Why Serious Cyclists Are Paying More for Titanium Bikes
Bespoke titanium bike frames combine all the best qualities of other materials. But convincing one of the world’s top designers to custom-build yours can be an art unto itself
VICIOUS CYCLE Crisp’s bespoke titanium frames start at $4,300 and can take up to a year to craft—that is, if you can make it through the artisan’s stringent evaluation process.
THOUGH STEEL, aluminum, wood, bamboo and magnesium alloy have all been used to craft stylish bike frames, carbon fiber is today the go-to for serious cyclists with lots of cash. Glued and reinforced by epoxy resin, it can now be mass-produced and shaped to achieve an optimum balance between weight, comfort, aerodynamic performance and a mystic quality known in cycling jargon as “stiffness” that efficiently transfers power from your legs to the wheels.
Lately, however, a carbon-fiber alternative—first used to shape posh frames in the early 1970s—has attracted a small but influential cult following: Let us all praise titanium.
Combining the best qualities of flexible steel, corrosion-resistant aluminum and light-yet-stiff carbon fiber, titanium is increasingly seen as the ideal way to balance speed and comfort. “It manages to be very smooth while still being stiff,” said James Ralson, editor of Australian cycling magazine La Velocita, adding that titanium can reduce fatigue during long rides or defiant sprints down gravely stretches.
At the design-conscious end of the custom bike market, titanium frames are objects of desire, the cycling equivalent of rare vinyl records.’
“I’ve ridden everything from American carbon bikes to Italian steel,” said Jake Rosenbloum, North American marketing director of hip cycling apparel brand Rapha, who recently bought a bespoke titanium bike from Colorado builder Moots. “For me, nothing meets all the demands [like] titanium.”
The material didn’t always have performance cachet. When Mr. Rosenbloum first started riding titanium rigs, they were considered prosaic, “the quintessential choice for dentists and doctors,” he said.
Today, titanium is still associated with saying ahhhhh—but in a different way. At the affluent, design-conscious end of the road- and mountain-bike market, titanium frames are objects of desire, the cycling equivalent of rare vinyl records. Though you can find off-the-peg titanium bikes, the now-trendy material has found its niche in the custom frame market. Boosting its reputation: the legendary difficulty of welding it, which must take place in inert conditions, since oxygen and nitrogen can damage the joint. Of course, it helps that titanium frames look cool. Unlike steel or carbon, the bare metal needs no coat of paint to protect it, and most owners would never dream of hiding their frame’s satin-finished titanium tubes.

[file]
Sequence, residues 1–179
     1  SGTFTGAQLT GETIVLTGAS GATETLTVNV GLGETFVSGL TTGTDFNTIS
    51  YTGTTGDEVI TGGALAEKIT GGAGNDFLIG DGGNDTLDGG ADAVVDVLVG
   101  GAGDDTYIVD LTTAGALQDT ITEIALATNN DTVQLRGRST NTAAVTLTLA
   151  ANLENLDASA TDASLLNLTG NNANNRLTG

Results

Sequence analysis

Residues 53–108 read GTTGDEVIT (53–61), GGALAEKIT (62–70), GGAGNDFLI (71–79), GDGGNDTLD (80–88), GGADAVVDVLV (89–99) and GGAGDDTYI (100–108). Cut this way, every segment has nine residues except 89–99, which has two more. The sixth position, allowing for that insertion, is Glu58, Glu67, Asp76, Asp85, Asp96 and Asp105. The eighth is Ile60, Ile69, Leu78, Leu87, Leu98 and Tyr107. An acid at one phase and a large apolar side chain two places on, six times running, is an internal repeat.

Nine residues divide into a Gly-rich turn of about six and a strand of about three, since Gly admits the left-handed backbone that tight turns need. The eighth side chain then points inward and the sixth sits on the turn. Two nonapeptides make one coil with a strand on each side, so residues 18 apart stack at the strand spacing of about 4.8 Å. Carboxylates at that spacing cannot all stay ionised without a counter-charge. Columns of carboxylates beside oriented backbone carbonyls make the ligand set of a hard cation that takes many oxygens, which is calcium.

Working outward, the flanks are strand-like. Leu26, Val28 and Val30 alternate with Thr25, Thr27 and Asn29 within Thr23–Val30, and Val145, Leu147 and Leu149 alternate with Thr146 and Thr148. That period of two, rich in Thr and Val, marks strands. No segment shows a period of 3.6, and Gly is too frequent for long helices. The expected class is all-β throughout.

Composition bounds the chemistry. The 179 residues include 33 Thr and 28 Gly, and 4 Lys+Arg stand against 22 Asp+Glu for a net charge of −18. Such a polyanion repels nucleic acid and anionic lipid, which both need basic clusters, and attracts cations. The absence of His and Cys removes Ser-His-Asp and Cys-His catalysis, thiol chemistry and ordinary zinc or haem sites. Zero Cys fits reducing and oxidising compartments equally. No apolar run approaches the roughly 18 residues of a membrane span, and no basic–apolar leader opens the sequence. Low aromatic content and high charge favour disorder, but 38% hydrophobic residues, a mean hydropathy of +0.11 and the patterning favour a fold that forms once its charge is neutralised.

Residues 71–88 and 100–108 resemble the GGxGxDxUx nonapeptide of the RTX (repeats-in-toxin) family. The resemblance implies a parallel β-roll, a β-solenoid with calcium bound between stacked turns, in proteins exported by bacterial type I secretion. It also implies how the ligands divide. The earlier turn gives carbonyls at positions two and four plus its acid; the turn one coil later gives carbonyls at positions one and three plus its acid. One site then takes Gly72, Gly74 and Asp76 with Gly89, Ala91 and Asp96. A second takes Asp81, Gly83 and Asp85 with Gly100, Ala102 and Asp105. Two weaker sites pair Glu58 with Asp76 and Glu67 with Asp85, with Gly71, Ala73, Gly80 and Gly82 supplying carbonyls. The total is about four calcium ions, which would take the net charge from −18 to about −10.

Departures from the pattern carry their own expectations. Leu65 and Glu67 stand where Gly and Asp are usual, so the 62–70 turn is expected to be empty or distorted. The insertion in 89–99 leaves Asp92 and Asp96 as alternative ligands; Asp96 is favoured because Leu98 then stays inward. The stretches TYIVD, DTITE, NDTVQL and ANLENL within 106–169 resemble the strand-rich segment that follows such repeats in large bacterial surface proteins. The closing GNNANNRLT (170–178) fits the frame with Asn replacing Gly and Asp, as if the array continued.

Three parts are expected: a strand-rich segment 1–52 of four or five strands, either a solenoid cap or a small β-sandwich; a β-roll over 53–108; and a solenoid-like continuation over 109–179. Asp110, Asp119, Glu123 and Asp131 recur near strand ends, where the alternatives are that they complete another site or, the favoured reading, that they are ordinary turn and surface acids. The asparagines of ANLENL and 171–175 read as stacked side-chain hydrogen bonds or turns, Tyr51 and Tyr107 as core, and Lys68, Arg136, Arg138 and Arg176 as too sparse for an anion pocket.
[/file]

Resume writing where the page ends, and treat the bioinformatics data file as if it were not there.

Titanium has a distinct downside—compared to carbon, it’s prohibitively expensive and difficult to work with—but that becomes a plus for aficionados. Titanium has become the last refuge of artisans in an industry dominated by international brands that source the vast majority of carbon frames from factories in China or Taiwan. For Colin Tanner, co-owner of Acme Bicycle Co. in Brooklyn, “the clean aesthetic of a titanium frame, handmade by an artist with a welding mask” adds a refreshingly romantic note to bikemaking in an era of “lab-tested sterility.”
Darren Crisp is one such artist. A lanky, garrulous Texan who went to Italy in 1990 on an A&M University study program and returned to live, work and eventually start a family, Mr. Crisp has become a legendary frame-builder. This may have something to do with the fact that it’s irksomely difficult to get your hands on a Crisp.
His workshop lies in the outskirts of a tiny town called Castiglion Fiorentino, south of Arezzo. Inside, welding equipment, neatly sorted tools, and bikes in various states of completion are framed against a classic Tuscan view of cypresses and olive groves through floor-to-ceiling windows. In this rustic-meets-high-tech space, Mr. Crisp makes just 40 titanium road- or gravel-bike frames a year. Starting at $4,300 (crisptitanium.com), they include carbon-fiber forks and a headset (an element that lets you turn the front wheel smoothly) by leading manufacturer Chris King. The rest—wheels, saddle and other components—is not part of his remit, though he is happy to advise.
A year can pass between a client’s commissioning of a frame and delivery. With such a long waiting list, Mr. Crisp has the luxury of refusing clients he deems insufficiently on his wavelength. He tells one story of a wealthy customer whose initial approach was, “This is what needs to happen.” When Mr. Crisp told him his frame wasn’t happening, the client pleaded for two years, even driving from Milan without warning to shout at the workshop door, before the bike-builder finally relented and agreed to craft the frame—on condition that the client stopped calling and let Mr. Crisp do it his way.
One sure way to get off on the wrong foot with Mr. Crisp is to ask how much your dream bike might weigh. In a world where brands compete to make carbon frames under 700 grams (the equivalent of about 15 golf balls, or two cans of Campbell’s soup), Mr. Crisp’s comment that he’s “not here to compete with sub-1,000-gram frames” is titanium-cult code for “there’s more to cycling than going fast.” True titanium fans, he implied, are riders as much as racers—cyclists rather than gram-shaving “weight-weenies.”
Reflecting on clients who seek out his titanium designs after years of riding carbon-fiber, Mr. Crisp sounded a little like a Zen master: “You get to a certain point in life,” he said, “where you step out of the way everyone’s doing it, and you find your own path.” At least until the next big trend rolls along.
It takes an awful lot of money to look this cheap - Dolly Parton